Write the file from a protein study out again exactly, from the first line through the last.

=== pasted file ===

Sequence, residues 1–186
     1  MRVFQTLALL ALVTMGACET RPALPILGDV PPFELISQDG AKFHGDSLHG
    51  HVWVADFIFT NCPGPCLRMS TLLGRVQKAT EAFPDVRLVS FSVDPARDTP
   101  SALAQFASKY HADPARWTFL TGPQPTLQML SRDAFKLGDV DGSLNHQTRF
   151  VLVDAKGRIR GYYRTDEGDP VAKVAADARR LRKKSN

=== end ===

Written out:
Sequence, residues 1–186
     1  MRVFQTLALL ALVTMGACET RPALPILGDV PPFELISQDG AKFHGDSLHG
    51  HVWVADFIFT NCPGPCLRMS TLLGRVQKAT EAFPDVRLVS FSVDPARDTP
   101  SALAQFASKY HADPARWTFL TGPQPTLQML SRDAFKLGDV DGSLNHQTRF
   151  VLVDAKGRIR GYYRTDEGDP VAKVAADARR LRKKSN